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Beijing Normal University - where to live?

Dan Bang

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I have been in Beijing since april - I have done a 12 weeks course at BLCU - and I plan to study at BNU next semester. I will leave China for 3 weeks around August the 1st, but I suppose that I have to find a place to live before that - since I will have no where to go when I return to Beijing, and I assume that the number of people interested in finding a place to live off-campus increases as the beginning of the next semester gets closer...

But back to the red thread: I wondered whether some one could give me a few words of advice that would be handy in the process of finding an apartment close to BNU. Like location, method, what is an acceptable price (for your own apartment and for renting a room), is there latitude for bargain, where to look and whom to contact... Perhaps it would be wise to specify that I'm both interested in having my own apartment and in renting a room/sharing an apartmant. I definitely prefer living outside campus compared to the claustrophobic and regulated dorms where you even have to pay a relatively high price for a shared squat toilet... And I like living close to the essential stuff - there is nothing more annoying than always being forced to walk at last 30 minutes to get anywhere... And my Chinese is, by the way, still at the beginner level where I have to respond to most with the classic "wo bu dong"-sentence :wall

Furthermore I have some questions linked to the above: how far is there roughly from BNU to the subway? I assume it would be best to live on that stretch... Do you - living in the area of BNU - feel detatched form the life around Wudaokou/Chaoyang and the like? Is it realistic to find a place to live with acces to internet, air-con and perhaps even heating? What about internetcafes and places to eat in general? And am I right when I estimate it to be best to look for a place to live before I leave China (which a kind of puts me under a time preasure)?

Thanks in advance!

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I think I've probably written all of this up in various places previously, but may as well bring it together here. I know we have a few BNU students on here, so hopefully they'll also chip in - and I'd listen to them, rather than me, as I moved into my place 2 years ago and so might not be as up to date as I should be.

Flat-finding methods

1) Agents. People will tell you to avoid agents. I'd recommend you avoid the bad ones, which means being wary of anyone who isn't up front about being an agent, doesn't have an office or a fixed phone line, etc. Go for the major agencies like 我爱我家, and take a Chinese friend along if you feel the need, and you should be ok - yes, it does work out more expensive, but you may feel it's worth it. Usual rate is one months rent, on lower-end accomodation to be paid by the renter, at the higher-end it is more likely to be paid by the landlord (who will, naturally, factor it into the rent). This figure is negotiable - if you take the first place you see, they do a lot less work than if you take the seventh, so there's room for negotiation.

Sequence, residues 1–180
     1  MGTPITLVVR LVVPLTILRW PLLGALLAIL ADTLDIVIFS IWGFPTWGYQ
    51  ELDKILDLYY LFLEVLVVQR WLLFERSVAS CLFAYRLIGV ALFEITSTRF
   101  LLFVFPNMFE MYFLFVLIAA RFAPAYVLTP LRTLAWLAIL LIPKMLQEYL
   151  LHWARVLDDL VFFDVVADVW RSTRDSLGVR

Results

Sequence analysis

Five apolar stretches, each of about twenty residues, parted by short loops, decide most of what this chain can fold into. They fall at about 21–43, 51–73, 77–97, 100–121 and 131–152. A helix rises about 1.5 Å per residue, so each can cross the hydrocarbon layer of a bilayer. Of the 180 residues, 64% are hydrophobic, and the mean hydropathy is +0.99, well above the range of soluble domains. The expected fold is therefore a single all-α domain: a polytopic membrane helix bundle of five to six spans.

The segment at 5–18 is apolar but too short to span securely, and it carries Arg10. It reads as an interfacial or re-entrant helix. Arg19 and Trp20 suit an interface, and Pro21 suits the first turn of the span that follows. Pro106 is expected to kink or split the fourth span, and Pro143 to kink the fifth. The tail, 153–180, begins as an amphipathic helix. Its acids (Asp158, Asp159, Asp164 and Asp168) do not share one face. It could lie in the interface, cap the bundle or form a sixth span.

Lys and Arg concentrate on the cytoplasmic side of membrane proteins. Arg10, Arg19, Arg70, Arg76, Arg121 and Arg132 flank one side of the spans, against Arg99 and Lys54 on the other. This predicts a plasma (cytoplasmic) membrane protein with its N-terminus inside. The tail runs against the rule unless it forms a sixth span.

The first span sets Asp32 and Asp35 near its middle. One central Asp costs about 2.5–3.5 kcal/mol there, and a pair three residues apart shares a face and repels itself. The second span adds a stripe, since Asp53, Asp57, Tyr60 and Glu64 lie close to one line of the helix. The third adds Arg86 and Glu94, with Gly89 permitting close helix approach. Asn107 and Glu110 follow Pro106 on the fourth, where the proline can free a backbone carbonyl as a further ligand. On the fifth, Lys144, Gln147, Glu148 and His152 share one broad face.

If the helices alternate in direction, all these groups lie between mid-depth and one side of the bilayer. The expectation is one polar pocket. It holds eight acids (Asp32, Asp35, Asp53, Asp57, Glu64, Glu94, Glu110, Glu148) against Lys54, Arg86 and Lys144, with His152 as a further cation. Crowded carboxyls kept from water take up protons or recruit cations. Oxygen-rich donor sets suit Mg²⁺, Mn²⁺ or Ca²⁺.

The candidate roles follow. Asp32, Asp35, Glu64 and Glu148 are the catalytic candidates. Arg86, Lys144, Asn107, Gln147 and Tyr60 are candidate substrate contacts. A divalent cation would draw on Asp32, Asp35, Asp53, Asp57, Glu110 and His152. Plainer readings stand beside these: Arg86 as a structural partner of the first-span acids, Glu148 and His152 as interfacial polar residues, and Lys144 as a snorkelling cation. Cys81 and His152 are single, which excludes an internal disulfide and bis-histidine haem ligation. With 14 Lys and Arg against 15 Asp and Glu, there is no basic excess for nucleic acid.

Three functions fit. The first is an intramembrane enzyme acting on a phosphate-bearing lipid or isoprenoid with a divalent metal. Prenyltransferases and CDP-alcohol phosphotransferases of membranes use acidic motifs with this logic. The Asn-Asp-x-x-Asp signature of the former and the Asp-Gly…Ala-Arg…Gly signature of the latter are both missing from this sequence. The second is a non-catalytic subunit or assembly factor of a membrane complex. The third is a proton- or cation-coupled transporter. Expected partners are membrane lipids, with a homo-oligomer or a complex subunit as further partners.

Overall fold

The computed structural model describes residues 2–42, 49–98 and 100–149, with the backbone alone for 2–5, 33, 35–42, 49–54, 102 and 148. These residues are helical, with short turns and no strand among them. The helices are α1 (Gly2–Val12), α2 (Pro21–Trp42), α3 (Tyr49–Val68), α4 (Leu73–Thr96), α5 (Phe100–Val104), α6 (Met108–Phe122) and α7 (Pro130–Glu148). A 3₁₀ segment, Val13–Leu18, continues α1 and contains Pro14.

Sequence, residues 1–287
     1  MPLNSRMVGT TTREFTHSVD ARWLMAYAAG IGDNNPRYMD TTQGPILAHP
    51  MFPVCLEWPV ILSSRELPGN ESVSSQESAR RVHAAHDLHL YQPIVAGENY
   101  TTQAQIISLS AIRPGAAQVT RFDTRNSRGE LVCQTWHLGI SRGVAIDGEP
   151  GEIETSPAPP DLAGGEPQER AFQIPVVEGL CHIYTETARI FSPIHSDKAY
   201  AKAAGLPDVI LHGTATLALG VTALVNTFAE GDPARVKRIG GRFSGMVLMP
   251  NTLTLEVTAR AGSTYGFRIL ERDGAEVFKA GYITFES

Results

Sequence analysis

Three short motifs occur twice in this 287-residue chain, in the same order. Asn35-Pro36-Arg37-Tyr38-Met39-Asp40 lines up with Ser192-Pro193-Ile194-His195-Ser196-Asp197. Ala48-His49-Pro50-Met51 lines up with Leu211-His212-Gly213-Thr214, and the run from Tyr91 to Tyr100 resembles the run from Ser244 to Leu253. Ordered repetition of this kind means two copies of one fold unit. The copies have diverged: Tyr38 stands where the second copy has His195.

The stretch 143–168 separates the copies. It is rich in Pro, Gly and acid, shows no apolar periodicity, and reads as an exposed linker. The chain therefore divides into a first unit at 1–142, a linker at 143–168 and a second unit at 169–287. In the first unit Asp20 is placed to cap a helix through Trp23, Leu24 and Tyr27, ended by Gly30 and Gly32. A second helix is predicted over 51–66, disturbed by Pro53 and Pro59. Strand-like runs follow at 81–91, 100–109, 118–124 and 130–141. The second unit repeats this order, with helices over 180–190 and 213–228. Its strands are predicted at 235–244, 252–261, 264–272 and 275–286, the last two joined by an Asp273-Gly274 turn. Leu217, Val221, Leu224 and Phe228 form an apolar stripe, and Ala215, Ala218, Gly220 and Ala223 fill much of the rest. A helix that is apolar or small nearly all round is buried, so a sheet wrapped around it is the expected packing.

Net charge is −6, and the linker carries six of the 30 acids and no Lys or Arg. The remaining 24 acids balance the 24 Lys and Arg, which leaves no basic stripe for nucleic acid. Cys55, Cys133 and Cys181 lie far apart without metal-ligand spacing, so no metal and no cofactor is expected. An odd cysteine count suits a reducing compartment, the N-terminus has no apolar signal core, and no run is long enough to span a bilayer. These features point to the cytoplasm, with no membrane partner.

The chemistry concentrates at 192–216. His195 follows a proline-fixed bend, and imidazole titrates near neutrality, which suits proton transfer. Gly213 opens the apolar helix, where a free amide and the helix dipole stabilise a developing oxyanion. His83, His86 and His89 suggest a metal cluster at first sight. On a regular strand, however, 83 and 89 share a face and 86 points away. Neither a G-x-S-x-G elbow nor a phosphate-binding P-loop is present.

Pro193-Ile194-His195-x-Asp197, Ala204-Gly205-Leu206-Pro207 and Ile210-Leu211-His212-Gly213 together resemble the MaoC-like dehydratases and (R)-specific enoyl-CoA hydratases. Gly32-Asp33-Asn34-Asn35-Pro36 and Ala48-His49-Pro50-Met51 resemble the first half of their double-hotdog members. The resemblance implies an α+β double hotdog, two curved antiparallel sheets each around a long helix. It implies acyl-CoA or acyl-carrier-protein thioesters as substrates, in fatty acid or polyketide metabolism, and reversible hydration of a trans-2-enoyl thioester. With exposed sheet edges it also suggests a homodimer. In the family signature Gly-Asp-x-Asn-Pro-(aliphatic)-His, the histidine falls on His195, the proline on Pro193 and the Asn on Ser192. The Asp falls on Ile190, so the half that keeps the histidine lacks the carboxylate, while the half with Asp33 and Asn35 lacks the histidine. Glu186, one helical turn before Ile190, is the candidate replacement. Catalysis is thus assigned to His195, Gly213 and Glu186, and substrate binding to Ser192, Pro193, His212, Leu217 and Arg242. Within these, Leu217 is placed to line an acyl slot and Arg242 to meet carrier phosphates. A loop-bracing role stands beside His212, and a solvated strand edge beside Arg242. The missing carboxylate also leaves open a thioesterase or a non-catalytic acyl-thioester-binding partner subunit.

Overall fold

If you walk south of BNU's east gate towards the subway, on the west side of the road, you'll pass two or three agencies, with plenty of cards in the window. I'd start there.

I wouldn't go near any agent that doesn't either have a) a streetfront office or B) a personal recommendation from someone I know.

2) Noticeboards and classifieds. I'm not sure of any BNU specific ones - there must be one inside the foreign student teaching and accomodation buildings there though. There's also a small noticeboard at Tube Station, the Subway-clone sandwich place north and opposite of BNUs East gate. This place sees a lot of foreign students in and out, and would be a good place to look for local flatshares.

The expat sites like Thatsbj.com have plenty of flat ads, but be aware they are mainly at the pricier end of the market, and are often agencies rather than landlords (almost always, I think). They also concentrate on Chaoyang. You can place an ad for free though, so it's worth a try.

3) Walking in and asking. 北京五月, for example (new 'hotel-style' apartment building about 10 minutes from BNU) has a management office which helps match up landlords and renters as part of the management service. I don't recommend this place as the 'apartments' are basically slightly enlarged hotel rooms, but if you identify a place you like just walk in and ask around.

Prices . . . I pay 1700Y for my place (pictures and more info here, and take a look through the rest of the accomodation section there as well, bearing in mind it hasn't been updated. I suspect I may pay one or two hundred a month more than I need to, but I like the place and love the location, and the landlords are easy to deal with. Beijing Wuyue was asking 2400-2600 for their tiny places (I didn't bother negotiating as I didn't want to sleep with my head in the kitchen and my feet in the living room). Not sure what anyone else is paying, but a look in those agents windows will give you some ballpark figures.